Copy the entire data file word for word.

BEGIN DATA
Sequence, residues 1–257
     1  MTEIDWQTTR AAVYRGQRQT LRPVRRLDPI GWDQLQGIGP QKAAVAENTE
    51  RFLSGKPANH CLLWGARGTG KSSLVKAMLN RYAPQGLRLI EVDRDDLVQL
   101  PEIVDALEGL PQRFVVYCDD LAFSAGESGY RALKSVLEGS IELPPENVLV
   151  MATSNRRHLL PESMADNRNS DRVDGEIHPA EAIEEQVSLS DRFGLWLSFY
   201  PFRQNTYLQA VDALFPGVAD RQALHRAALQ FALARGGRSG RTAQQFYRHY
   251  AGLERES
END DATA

Sequence, residues 1–257
     1  MTEIDWQTTR AAVYRGQRQT LRPVRRLDPI GWDQLQGIGP QKAAVAENTE
    51  RFLSGKPANH CLLWGARGTG KSSLVKAMLN RYAPQGLRLI EVDRDDLVQL
   101  PEIVDALEGL PQRFVVYCDD LAFSAGESGY RALKSVLEGS IELPPENVLV
   151  MATSNRRHLL PESMADNRNS DRVDGEIHPA EAIEEQVSLS DRFGLWLSFY
   201  PFRQNTYLQA VDALFPGVAD RQALHRAALQ FALARGGRSG RTAQQFYRHY
   251  AGLERES